Keep it or toss it?
Best if used by
It must be a government agency in action. Probably the FDA or maybe the USDA or the Agriculture Department. But there’s some authority providing oversight and guaranteeing our food’s safety, right?
Expiration dating is a security blanket for consumers.
Freshness dating is not required by federal law for any food products except infant formula and certain baby foods. Some states require dating for dairy products, but there is no agreement or uniformity for freshness standards. For all other foods, labeling is voluntary. Producers can choose to slap on expiration dates, but there are no accurate or consistent freshness standards, and except for dairy products and formula, the retailers are free to keep the expired products on their store shelves.
A false sense of security
Don’t look to expiration dates to offer any kind of protection. The onus is on the consumer to decide if food is edible. In fairness to producers, they can’t control how we store and handle their products. Most expiration dates refer to the point when a product’s taste, texture, color, or nutritional benefits start to deteriorate rather than the point when you need to worry about the product’s safety.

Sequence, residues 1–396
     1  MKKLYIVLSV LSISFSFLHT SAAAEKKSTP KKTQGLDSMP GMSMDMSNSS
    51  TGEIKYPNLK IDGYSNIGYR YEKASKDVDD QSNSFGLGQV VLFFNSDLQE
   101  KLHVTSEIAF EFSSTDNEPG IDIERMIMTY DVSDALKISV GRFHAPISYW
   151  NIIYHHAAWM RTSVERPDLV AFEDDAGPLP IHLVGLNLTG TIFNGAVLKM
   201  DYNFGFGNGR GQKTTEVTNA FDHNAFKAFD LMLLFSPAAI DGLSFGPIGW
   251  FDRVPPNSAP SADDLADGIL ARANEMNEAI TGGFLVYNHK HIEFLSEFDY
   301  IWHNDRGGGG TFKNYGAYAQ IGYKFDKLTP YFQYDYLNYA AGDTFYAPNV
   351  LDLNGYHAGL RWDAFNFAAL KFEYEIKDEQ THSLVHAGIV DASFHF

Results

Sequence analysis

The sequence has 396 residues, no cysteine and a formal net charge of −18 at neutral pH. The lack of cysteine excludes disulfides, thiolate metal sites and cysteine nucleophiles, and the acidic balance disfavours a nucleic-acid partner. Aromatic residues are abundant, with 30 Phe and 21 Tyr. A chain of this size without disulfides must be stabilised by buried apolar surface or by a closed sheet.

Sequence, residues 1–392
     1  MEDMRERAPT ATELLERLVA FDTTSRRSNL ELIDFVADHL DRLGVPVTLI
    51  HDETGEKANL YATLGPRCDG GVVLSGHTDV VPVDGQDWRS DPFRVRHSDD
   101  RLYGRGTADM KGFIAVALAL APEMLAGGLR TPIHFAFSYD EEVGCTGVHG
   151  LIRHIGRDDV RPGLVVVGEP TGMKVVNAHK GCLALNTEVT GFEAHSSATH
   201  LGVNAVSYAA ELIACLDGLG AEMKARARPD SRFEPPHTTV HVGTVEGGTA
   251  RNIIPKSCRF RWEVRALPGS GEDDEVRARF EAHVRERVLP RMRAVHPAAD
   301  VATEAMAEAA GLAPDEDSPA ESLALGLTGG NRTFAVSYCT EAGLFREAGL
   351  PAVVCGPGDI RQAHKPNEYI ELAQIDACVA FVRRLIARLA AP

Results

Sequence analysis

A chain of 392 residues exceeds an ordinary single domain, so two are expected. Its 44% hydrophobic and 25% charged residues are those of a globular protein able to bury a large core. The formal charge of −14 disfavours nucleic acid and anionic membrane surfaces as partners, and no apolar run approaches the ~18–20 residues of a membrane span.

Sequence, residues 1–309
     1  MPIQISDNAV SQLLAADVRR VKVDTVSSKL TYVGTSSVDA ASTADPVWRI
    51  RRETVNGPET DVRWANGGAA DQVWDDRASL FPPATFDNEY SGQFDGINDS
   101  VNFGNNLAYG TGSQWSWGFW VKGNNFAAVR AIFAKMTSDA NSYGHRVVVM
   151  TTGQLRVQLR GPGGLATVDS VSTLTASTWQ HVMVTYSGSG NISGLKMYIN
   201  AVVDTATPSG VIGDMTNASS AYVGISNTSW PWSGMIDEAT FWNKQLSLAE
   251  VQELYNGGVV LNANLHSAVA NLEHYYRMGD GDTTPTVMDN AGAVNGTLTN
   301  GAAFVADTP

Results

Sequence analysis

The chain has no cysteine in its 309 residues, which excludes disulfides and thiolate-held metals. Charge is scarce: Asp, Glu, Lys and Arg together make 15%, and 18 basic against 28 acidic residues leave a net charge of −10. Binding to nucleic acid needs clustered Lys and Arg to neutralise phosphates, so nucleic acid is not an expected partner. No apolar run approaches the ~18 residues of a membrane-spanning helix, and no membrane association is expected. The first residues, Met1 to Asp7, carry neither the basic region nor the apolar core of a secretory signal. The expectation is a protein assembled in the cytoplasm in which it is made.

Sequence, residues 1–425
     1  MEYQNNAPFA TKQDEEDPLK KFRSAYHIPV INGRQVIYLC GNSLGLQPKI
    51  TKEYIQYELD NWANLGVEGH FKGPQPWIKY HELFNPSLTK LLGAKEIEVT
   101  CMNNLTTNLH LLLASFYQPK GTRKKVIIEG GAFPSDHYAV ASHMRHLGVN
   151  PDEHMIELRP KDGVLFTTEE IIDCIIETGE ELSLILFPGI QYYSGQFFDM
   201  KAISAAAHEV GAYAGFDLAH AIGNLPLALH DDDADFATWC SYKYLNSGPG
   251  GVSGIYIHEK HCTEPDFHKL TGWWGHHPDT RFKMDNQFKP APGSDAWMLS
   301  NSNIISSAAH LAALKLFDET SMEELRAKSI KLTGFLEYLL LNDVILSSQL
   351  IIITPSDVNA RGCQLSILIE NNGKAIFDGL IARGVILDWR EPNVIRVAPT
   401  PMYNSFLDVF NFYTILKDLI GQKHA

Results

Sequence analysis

Your best bet
If you think it smells funny…trust your nose.
For more information:
The Food Safety and Inspection Service of the US Department of Agriculture has Fact Sheets covering many facets of safe food handling and food spoilage.
Still Tasty is a complete guide to the shelf life of commodity and brand name foods. It offers storage and handling tips, creates shopping lists, and can alert you to looming expiration dates. Still Tasty is also available as an iPhone application.